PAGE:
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Make sure you have a large area to build this. Remember, you’re making the butt of a horse. You’ll look like a weirdo, so I recommend making it outside where your neighbors can see. Weirding out neighbors will make the project more fun. Also you won’t have to worry about getitng marker, glue, or cuts on your nice floor, carpet, or other surfaces.

Now that you have your supplies, let’s go ahead with the next step.

Measuring

I can’t just give you measurements because how long you make it or how tall depends on your body.

Have you ever been told, measure twice, cut once? Take this advice.

First I measured from where the frame would rest on my lower back to my feet (if you’ll be wearing highheels or platforms for hooves, don’t forget to factor that in. Measure how long you want it and how wide. Make it thinner and shorter than you want the finished project to be. This is only the skeleton. Remember you’ll be adding height and thickness with your foam and stuffing.  I made it waste high so the straps would come around my waste like a seatbelt.

 

Building the Frame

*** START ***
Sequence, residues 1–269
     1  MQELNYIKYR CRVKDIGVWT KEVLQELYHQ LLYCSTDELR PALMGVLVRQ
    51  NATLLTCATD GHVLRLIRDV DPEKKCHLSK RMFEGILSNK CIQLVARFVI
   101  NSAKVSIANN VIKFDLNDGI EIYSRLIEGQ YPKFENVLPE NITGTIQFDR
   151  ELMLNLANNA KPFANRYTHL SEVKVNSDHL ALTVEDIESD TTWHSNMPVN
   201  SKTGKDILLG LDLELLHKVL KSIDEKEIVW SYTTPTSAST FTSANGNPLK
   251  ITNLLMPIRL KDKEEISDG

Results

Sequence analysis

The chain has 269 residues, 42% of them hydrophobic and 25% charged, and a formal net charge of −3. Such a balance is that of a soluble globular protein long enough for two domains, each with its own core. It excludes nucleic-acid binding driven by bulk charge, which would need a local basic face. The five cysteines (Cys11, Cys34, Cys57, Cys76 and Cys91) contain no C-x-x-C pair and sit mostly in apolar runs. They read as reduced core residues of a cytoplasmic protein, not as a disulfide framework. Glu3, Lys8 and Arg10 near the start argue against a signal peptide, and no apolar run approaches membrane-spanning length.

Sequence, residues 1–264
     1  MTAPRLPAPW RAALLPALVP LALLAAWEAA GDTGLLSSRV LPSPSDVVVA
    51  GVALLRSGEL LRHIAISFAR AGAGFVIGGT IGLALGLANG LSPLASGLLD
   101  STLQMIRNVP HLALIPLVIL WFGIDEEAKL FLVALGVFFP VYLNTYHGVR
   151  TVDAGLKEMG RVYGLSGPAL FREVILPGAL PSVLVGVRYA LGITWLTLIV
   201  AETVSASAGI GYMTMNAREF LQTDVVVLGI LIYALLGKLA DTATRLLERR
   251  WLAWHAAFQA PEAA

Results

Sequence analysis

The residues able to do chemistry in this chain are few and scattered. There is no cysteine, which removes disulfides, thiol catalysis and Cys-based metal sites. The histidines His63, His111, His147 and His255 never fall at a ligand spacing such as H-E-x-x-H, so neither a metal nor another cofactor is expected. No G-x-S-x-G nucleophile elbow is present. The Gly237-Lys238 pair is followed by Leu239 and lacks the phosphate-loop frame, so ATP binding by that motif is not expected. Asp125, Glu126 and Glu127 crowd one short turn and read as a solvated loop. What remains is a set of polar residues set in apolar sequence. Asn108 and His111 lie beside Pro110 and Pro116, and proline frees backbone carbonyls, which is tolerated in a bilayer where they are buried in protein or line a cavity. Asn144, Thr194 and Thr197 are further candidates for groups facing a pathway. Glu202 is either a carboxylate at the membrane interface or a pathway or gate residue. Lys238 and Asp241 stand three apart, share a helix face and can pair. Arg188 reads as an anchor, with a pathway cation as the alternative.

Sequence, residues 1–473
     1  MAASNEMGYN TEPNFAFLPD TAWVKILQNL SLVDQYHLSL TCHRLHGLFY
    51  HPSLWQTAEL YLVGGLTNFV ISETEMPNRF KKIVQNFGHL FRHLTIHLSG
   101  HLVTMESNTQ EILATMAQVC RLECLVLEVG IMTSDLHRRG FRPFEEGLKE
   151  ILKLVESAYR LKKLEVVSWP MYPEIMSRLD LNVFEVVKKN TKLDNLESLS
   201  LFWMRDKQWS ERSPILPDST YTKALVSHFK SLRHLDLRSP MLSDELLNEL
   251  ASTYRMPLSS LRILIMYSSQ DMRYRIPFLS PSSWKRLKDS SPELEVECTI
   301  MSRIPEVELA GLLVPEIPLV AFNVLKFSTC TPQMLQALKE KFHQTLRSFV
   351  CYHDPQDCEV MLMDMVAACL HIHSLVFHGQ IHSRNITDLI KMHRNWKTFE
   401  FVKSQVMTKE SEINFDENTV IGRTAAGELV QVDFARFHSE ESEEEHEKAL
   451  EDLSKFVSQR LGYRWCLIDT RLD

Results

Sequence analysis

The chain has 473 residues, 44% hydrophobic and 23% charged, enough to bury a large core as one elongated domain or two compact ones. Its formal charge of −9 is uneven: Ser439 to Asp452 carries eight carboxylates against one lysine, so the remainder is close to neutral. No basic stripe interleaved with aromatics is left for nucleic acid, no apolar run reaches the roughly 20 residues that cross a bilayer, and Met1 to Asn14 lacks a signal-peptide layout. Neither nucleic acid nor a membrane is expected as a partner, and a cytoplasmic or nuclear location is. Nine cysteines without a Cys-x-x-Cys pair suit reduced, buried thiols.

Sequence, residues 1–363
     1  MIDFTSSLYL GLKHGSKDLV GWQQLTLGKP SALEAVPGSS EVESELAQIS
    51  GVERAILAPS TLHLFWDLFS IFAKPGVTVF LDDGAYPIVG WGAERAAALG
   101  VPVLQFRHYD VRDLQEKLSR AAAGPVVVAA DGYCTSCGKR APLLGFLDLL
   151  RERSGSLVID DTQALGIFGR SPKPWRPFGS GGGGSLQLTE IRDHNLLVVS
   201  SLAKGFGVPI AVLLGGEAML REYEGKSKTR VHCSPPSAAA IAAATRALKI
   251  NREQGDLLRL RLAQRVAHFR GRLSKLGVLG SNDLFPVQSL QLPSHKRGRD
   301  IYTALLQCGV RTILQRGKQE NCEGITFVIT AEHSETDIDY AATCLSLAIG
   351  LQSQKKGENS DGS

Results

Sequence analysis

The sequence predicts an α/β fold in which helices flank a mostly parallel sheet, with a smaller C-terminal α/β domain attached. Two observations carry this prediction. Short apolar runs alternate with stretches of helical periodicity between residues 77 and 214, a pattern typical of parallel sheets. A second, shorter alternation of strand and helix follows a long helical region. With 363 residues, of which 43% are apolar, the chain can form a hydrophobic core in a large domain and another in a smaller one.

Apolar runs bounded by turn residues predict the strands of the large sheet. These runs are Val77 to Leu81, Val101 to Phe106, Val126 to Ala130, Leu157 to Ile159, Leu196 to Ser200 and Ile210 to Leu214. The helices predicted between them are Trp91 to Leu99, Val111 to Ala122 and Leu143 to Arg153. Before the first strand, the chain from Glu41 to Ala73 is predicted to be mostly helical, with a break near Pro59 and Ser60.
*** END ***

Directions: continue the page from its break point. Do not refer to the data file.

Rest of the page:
Now you are ready to start making cuts in your PVC pipe. Measure and mark and then just cut.

 

This is the basic structure for the body.

After I laid them out, I attached the pieces with the fittings. DO NOT GLUE.

The section in the middle is for support–also to hold the foam in place (we’ll cover that more later).

Next I cut out the legs.

To make the legs, I drew an outline of the legs and cut the pieces so that when they were jointed, they would make a shape like that of a horse.

Fit all the pieces into the fittings and do a trial walk. DO NOT GLUE.

As you can see, the front of the skeleton is held together with 90 degree elbows while the back has T’s. This is so you can attach the legs. I’m not sure if you can see in the pictures, but the big T’s are for the legs. This is how I created a joint so the legs move back and forth. Because the big T’s are larger, They fit over the little T’s. I put a piece of pipe through to connect them and put a cap on the end so it doesn’t fall off. What I like about the way I did this is that it requires no screws or drills or hinges. If for some reason, the costume breaks, it is fixable. If you use a hinge or screws, once it breaks, it’s harder to fix. The picture on the end shows the bushing that you attach to the big T so that the fitting will hold the smaller PVC pipe (that way you only have to use one size pipe).

I hope this helps you get started. The next post will show you how I sculpted my costume using foam and stuffing.

If any of these steps are confusing, or if you  need a deeper explanation, please contact me in comments below or on Facebook or Twitter.